Freedom, Privacy, and Technology (SINQ)

This past June, Tristan Harris, Stanford graduate, former Google Design Ethicist, and current Executive Director of the Center for Humane Technologies, called for a new field of study, “Society & Technology Interaction”1. As noted by others2, such an area of study does, in fact, already exist!

In this course, we will read some key works in this area and engage in a series of practical activities to increase your ability to be what Lilly Irani and Rumman Chowdhury call “active technological citizens”:

We should educate all–not just engineers–in how to become active technological citizens. This does not mean learning how to code. It means knowing enough to ask questions about how the code affects work, life, and community. It means understanding how people can hold institutions and firms accountable through literacy, advocacy, and social movements2.

Course goals

This course is the Sophomore Inquiry (SINQ) course for the University Studies “Freedom, Privacy, and Technology” cluster:

The aim of this cluster is to provide the knowledge that will enable those who complete the cluster to face thoughtfully the question of the appropriate use of and limitations upon modern technology. One important feature of the cluster is that it brings together actual sciences with humanistic and social science disciplines.3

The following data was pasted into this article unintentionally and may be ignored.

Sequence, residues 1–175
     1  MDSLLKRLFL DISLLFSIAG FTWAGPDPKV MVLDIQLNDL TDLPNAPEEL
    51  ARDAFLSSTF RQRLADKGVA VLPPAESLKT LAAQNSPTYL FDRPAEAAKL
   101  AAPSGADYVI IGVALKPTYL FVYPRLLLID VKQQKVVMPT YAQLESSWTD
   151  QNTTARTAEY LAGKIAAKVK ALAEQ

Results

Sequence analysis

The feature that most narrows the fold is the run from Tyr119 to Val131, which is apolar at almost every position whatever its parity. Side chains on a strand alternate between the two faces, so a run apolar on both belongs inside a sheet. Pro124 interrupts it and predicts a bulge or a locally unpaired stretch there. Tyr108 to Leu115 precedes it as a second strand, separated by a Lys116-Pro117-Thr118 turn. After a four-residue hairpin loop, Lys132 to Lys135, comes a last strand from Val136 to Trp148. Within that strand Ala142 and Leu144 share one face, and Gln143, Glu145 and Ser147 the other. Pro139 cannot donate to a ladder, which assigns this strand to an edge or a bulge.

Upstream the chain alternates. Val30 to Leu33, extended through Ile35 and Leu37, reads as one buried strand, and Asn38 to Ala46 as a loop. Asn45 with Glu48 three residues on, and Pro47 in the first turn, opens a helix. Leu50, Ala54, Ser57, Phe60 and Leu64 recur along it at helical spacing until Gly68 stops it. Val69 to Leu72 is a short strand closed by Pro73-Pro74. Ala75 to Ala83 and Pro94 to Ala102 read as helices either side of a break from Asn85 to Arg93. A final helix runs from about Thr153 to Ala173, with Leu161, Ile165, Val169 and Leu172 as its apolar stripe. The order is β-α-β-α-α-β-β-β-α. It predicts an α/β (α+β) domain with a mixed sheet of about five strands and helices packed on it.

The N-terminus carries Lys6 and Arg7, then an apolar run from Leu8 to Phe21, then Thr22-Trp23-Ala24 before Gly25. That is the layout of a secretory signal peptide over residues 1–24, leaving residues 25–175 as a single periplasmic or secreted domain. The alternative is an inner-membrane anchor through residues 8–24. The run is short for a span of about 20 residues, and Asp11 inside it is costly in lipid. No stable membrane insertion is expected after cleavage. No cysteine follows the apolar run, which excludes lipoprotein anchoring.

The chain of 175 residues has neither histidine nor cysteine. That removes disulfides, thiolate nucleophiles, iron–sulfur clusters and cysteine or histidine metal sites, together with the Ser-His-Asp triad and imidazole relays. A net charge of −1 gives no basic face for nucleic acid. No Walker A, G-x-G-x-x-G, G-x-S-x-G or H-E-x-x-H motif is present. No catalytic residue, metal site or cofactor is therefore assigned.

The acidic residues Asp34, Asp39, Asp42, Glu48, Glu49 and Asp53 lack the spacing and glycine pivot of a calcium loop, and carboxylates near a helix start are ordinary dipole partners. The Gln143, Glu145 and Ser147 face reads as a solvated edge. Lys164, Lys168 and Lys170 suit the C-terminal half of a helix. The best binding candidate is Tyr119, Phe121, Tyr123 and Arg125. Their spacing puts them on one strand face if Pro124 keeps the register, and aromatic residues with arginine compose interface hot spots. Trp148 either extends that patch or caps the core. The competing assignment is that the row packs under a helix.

In addition to the specific goals related to Freedom, Privacy, and Technology, this course is also designed to meet the four core University Studies goals4:

  1. Diversity, Equity, and Social Justice: Students will explore and analyze identity, power relationships, and social justice in historical contexts and contemporary settings from multiple perspectives.
  2. Communication: Students will enhance their capacity to communicate in various ways—writing, graphics, numeracy, and other visual and oral means—to collaborate effectively with others in group work, and to be competent in appropriate communication technologies.
  3. Inquiry and Critical Thinking: Students will learn various modes of inquiry through interdisciplinary curricula—problem-posing, investigating, conceptualizing—in order to become active, self-motivated, and empowered learners.
  4. Ethics, Agency, and Community: Students will examine values, theories and practices that inform their actions, and reflect on how personal choices and group decisions impact local and global communities.